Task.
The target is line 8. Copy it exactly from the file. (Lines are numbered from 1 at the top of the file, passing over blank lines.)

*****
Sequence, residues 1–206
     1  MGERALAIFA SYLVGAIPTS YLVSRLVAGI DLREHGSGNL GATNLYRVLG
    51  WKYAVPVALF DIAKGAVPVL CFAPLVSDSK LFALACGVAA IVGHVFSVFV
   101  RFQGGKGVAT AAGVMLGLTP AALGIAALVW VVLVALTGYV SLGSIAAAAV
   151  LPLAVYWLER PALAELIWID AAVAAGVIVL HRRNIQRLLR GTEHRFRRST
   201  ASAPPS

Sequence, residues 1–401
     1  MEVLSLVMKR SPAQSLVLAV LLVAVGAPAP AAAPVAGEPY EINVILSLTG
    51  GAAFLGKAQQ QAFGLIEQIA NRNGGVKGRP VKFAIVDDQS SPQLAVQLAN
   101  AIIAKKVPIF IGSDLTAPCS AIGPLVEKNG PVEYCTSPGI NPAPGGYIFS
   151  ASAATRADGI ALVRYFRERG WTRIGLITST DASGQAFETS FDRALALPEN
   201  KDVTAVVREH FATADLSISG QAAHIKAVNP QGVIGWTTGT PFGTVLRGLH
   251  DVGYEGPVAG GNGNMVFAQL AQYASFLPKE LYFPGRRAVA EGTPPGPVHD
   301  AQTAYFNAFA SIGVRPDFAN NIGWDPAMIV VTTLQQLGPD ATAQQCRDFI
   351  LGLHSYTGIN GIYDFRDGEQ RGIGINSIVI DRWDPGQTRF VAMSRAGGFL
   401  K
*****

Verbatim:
     1  MEVLSLVMKR SPAQSLVLAV LLVAVGAPAP AAAPVAGEPY EINVILSLTG